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The Mass Media

The Mass Media

The Mass Media

Editorial

On Feb. 28, a selection of local and national educational policymakers, including Thomas Payzant, the former Boston Public Schools Superintendent, Bill Brock, a former Senator and Secretary of Labor, and Chancellor Collins met with Marc Tucker, co-chair of the New Commission on the Skills of the American Workforce, which in December 2006 published a report called “Tough Choices or Tough Times”, which calls for a retooling of the American educational system. It has lead to wide interest on the part of people who think about the future of our country.

American education must keep apace with a global workforce that produces not only physical labor at wages lower than our workforce will accommodate, but intellectual labor as well, as India and China begin to produce college-educated workers who will both telecommute and work for lower pay than Americans. Furthermore, the study notes, 30 years ago the United States boasted 30 percent of the world’s college graduates; that number is now 14 percent. American students consistently place in the middle or toward the bottom in matters of math, science and general literacy. Employers can simply get better-skilled workers cheaper elsewhere.

For America to continue to thrive-or remain competitive-something needs to be done, the study argues. It notes that an Indian engineer will work for $7,500 a year, compared with an American who will cost $45,000 a year. For the American to justify this expenditure he’d have to outwork him six times over, which is unlikely. Outsourcing is now a fact of life. It simply makes economic survival sense for companies to outsource, or else they will suffer a fatal competitive disadvantage against companies abroad.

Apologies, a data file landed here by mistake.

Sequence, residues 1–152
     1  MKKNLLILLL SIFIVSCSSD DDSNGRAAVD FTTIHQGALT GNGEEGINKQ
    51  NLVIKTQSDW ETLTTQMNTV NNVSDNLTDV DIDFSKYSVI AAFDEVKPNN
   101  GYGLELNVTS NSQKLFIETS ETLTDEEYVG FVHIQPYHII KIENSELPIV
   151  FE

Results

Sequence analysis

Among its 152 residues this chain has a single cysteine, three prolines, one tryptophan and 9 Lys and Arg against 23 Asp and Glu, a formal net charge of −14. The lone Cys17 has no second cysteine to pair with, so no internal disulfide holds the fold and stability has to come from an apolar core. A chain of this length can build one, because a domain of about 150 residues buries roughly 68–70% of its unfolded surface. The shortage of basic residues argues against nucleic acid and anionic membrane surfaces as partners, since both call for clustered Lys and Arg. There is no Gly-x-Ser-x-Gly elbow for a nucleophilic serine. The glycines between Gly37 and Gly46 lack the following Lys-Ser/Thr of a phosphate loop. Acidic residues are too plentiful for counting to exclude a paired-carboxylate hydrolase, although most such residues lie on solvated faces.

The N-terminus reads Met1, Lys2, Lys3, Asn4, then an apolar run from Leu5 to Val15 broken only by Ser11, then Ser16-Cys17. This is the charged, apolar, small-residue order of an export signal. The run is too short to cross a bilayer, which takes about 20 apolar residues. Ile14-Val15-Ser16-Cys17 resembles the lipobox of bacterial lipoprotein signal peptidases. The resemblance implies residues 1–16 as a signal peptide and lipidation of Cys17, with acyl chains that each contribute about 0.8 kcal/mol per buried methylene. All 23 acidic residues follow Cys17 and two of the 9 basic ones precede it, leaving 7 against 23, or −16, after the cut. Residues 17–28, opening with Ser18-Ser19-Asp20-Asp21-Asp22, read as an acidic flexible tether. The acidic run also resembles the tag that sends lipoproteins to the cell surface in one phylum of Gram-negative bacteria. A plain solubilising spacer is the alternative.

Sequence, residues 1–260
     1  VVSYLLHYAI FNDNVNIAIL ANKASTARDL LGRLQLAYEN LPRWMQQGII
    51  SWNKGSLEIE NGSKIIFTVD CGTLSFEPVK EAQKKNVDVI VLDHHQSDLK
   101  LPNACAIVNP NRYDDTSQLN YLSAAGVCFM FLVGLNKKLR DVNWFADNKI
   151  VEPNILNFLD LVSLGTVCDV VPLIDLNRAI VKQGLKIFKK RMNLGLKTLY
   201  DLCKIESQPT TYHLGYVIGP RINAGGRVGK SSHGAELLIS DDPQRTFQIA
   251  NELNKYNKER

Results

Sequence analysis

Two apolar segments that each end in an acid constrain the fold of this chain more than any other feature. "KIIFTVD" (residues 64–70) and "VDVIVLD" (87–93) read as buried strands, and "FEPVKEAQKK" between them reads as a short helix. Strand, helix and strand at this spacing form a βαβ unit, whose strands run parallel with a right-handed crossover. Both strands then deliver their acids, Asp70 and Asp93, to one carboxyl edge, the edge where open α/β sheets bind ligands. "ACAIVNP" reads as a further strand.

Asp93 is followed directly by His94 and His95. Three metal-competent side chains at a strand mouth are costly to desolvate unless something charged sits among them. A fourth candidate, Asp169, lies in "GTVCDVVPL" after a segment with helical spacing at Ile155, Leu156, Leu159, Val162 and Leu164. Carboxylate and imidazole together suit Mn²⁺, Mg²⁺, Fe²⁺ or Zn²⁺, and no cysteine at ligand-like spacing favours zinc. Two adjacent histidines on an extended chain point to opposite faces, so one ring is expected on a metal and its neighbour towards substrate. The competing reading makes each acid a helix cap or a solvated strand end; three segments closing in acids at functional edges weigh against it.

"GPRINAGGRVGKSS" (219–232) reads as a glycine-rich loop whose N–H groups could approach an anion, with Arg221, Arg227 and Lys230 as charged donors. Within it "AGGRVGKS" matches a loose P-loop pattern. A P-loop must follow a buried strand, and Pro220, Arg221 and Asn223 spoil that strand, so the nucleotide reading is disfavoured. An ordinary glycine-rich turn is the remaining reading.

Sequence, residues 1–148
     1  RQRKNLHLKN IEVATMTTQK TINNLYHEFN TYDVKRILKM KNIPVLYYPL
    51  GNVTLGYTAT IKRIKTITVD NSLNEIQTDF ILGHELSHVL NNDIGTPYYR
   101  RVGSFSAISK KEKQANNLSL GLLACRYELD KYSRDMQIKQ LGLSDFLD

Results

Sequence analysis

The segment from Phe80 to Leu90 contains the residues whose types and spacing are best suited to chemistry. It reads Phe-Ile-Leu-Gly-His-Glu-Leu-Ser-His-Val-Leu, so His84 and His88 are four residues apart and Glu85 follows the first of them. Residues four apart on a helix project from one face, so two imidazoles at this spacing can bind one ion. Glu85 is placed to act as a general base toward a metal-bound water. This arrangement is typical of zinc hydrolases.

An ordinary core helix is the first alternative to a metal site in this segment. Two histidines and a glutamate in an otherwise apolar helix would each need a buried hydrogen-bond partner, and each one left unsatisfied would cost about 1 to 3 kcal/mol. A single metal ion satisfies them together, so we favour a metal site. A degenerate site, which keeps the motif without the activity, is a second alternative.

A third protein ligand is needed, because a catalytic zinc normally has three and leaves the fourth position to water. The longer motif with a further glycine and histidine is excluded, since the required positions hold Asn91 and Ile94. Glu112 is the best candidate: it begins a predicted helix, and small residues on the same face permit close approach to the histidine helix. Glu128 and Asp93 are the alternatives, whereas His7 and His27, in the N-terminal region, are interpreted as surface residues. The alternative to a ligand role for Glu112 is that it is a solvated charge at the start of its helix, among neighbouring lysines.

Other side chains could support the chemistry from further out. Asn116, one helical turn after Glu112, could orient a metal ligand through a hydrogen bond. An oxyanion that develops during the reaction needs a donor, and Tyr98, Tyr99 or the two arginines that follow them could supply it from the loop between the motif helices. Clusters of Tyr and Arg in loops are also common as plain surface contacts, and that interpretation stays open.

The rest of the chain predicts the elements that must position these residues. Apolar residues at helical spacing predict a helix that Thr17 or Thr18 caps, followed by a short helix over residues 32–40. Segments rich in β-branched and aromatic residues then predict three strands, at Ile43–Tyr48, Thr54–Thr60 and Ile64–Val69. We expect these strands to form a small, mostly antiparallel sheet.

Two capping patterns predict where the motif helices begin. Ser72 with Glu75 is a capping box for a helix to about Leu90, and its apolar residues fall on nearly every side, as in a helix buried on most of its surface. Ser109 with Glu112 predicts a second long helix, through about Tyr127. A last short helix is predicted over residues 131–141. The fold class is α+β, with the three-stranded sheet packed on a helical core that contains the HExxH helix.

In order for American workers to stay competitive, then, in order to maintain the current standard of living, they must offer something that Indian workers or Chinese workers cannot. This, the report says, is creativity, the ability to “create ingenious marketing and sales campaigns, write books, build furniture make movies, and imagine new kinds of software that will capture people’s imagination and become indispensable to millions.” The study’s emergent ideas sector would include strengths in research, design, product development, marketing and supply chain management.

The future American worker, then, will not be trained in one specialized area, asked to function as an automaton, but must adapt to changes, keep abreast of new technology, and analyze, organize and synthesize information well, from software engineers to small business owners to auto-line workers.

The current economy is not geared to meeting this challenge, the report states, because the American education system as it is presently constituted is woefully ineffective. First, they say, our high school teaching jobs do not attract the best candidates. The present writer, having had both wonderful and thoroughly detached teachers in his high school years, can attest to the fact that competent, caring teachers are available, but at a premium. The report calls for reinvestment in primary schooling, since children in their formative years are not being taught well in our public schools, which bodes ill (and expensive) for the future. It holds that our students are not being challenged enough, that our education system rewards busywork and shuns creativity, that it is excessively bureaucratic and inefficient. All of this hobbles us as regards other nations, which enter their children into college at 16.

The report, which is available on the Commission’s website, skillscommission.org is certainly full of tough talk and challenging propositions. It’s a worthwhile read for anyone considering their options on the job market, which may grow progressively fewer as globalization spreads and emerging markets come to the fore.